2 November 2012 Last updated at 00:38
Why Baumgartner’s record dive almost didn’t happen
Felix Baumgartner reflected on his dive with the BBC’s Tim Muffett, saying: “We accomplished something that mattered to the whole world”
Austrian Felix Baumgartner is the first skydiver to go faster than the speed of sound – but a severe claustrophobic reaction to the pressure suit he had to wear during his ascent to 39km (24 miles) and his freefall almost put the whole project in jeopardy.
The 43-year-old adventurer had never worked at extreme altitude before, and in order to survive the jump he needed to be more than a skydiver – he needed to become a test pilot.
His next generation, full pressure suit was made by the same company that prepares the flight suits of astronauts – but whereas a test pilot would have a couple of thousand hours to train in a pressure suit, Baumgartner only had 20.
A BBC/National Geographic documentary about the project reveals how much he struggled during the four years of training.
“Having this suit on my body and feeling it, and the smell of the rubber, made me anxious,” he said.
- Space Dive is broadcast on BBC Two on Sunday 4 November at 20:30 GMT or watch online afterwards at the above link
- Features footage from cameras attached to Felix as he broke through the sound barrier
“I’ve never been that far from Earth – and you really hope you come back alive.”
Retired US Air Force Col Joe Kittinger, who previously held the record for the highest freefall, acted as Baumgartner’s radio link in mission control at Roswell airport, and understood the risks of the dive better than anyone else.
“The vacuum, the nothingness, it’s waiting there to kill you immediately. It’s hostile up there, there’s no pressure, it’s cold, there’s the glare. If something breaks, that’s it,” he said.
The mission was funded by Red Bull – but the money came at a price – a 12 month deadline which the scientists were not used to. And for Baumgartner there were many things which he felt he had no control over. “I have to trust these scientists. If something goes wrong you’re all by yourself and that is really scary.”
His survival relied on one piece of technology above all others – his pressurised suit. Even experienced astronauts struggle with the suit and he had to learn to skydive in it.
Baumgartner had to fight the urge to tell the team to get him out of the suit when training in a pressure chamber.
One of the team’s biggest fears was that Baumgartner’s suit would fail above the Armstrong limit – the altitude that produces an atmospheric pressure so low (0.0618 atmosphere) that water boils at the normal temperature of the human body.
“You don’t have the pressure of the atmosphere holding the gases in your bloodstream – so your body starts releasing all the gas. Out of every orifice you have you’ll start to ooze fluids. It’s like the worst possible horror film,” said Art Thompson, the project team principal.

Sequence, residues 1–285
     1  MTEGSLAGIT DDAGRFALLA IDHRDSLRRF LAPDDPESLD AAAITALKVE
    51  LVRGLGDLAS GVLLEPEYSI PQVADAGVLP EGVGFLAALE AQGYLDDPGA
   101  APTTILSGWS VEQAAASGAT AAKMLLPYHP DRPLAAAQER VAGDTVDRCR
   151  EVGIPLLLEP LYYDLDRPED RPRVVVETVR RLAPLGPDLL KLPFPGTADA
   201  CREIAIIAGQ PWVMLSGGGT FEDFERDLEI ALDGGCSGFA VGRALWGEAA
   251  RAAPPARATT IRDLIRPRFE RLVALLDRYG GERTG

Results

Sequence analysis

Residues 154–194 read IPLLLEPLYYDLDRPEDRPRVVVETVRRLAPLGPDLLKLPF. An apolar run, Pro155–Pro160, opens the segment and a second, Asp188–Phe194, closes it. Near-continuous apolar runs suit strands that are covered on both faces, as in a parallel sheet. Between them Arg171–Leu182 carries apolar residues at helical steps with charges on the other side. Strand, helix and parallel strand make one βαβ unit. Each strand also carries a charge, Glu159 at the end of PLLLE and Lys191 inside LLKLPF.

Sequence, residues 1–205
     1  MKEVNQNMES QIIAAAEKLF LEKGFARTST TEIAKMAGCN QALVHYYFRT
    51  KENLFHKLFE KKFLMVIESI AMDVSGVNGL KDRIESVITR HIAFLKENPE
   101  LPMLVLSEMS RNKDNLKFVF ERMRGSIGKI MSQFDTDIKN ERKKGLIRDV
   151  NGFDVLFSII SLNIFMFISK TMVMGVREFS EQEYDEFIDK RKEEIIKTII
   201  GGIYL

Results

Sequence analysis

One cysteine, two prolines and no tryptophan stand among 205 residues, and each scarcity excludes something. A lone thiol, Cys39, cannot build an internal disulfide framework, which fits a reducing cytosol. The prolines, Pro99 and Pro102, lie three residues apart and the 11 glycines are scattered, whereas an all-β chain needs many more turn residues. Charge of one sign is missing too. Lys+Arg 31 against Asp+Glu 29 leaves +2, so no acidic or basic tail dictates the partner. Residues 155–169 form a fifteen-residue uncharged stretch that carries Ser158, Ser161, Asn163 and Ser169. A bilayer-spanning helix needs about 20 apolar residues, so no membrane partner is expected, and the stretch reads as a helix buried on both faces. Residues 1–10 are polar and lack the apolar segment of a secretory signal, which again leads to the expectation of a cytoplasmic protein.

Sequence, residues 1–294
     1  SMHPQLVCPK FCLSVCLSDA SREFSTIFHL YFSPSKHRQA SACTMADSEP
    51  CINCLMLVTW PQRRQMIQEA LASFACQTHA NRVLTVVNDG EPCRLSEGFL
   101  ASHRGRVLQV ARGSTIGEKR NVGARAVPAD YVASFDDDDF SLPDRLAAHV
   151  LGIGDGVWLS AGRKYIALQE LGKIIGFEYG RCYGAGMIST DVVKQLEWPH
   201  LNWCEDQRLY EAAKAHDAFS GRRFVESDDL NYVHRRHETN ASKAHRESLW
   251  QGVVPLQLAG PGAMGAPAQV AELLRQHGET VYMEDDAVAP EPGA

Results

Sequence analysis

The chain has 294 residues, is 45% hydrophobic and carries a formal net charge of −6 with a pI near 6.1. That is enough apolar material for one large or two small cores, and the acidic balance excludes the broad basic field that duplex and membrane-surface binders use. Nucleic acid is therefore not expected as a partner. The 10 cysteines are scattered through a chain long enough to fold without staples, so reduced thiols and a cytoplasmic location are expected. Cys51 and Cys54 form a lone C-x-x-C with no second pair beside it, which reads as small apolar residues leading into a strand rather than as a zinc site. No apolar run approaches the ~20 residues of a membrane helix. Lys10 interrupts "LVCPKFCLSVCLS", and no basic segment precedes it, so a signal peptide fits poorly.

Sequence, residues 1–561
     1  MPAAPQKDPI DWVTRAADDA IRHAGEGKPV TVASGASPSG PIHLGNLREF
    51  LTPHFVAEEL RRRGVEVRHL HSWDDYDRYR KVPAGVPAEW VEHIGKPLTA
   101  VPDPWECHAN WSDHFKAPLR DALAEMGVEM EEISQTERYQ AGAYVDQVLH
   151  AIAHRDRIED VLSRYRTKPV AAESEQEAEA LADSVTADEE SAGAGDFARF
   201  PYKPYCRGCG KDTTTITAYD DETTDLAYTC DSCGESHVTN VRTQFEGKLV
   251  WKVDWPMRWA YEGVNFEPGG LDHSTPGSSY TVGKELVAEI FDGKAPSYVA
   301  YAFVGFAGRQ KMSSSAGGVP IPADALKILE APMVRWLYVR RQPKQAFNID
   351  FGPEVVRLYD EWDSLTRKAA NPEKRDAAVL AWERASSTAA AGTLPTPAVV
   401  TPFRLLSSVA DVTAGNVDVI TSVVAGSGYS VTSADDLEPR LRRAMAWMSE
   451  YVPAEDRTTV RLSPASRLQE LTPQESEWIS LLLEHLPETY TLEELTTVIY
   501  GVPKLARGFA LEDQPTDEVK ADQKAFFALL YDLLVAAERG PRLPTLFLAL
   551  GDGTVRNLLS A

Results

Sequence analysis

Baumgartner’s hand-sewn pressure suit cost more than one million pounds and is capable of keeping him alive on the moon. It took a team of 30 people six months to make.
Part of his training focussed on acclimatising him to the suit, so he would feel as comfortable in it as in his own clothes – but it severely restricted his movements.
- 1947: Fruit flies become the first creatures in space, travelling on a US-launched V2 rocket
- 1960: Joseph W Kittinger dives from the edge of the Earth’s atmosphere at 102,600 feet
- 1961: Yuri Gagarin orbits the Earth for nearly two hours making him the first person to journey into outer space
- 1969: Apollo 11 astronaut Neil Armstrong sets foot on the Moon
“When I skydive, even in winter, I don’t even wear gloves. I want the air floating around my body, I want to feel the speed and the temperature.”
When he first tried the suit on he said that it felt “as if the outside didn’t exist anymore”.
“It’s just you – having a hard time breathing, and it’s hard dealing with the loneliness. You start thinking about the big jump, when you’re sitting in the gondola for two hours, getting higher and higher, you’ve totally lost your connection to the earth. If something goes wrong, you have to pay for it.”
During training Baumgartner had to fight his fear – and the urge to tell the team to get him out of the suit. “I couldn’t even stand being in the suit on the ground.”
“The higher you go the more the suit inflates, so it gets harder to move. You can feel your stomach getting squeezed, you can feel your heart beat getting faster.”
As Baumgartner went through his last-minute checks inside the capsule, it was found that a heater for his visor was not working. This meant the visor fogged up as he exhaled.
The team took a calculated risk to proceed with the jump after understanding why the problem existed.
And early in the dive there was concern that Baumgartner was in trouble. He was supposed to get himself into a delta position – head down, arms swept back – as soon as possible after leaving his capsule.
His jump from the capsule was perfect, but after passing through the sound barrier he went into a flat spin – prompting a horrible sense of dread back at mission control.
If he was unable to stop the spin blood would rush to his brain, causing a redout, which might result in an aneurysm, brain damage, or death.
However he was able to stick out both of his hands and managed to make himself stable, before pulling his parachute and breaking the records.
Balloon made of plastic film 0.002cm thick
Contact: Linda Alexander, Clinical Hypnotherapy on 0141 632 1440 and 07875 493 358, also firstname.lastname@example.org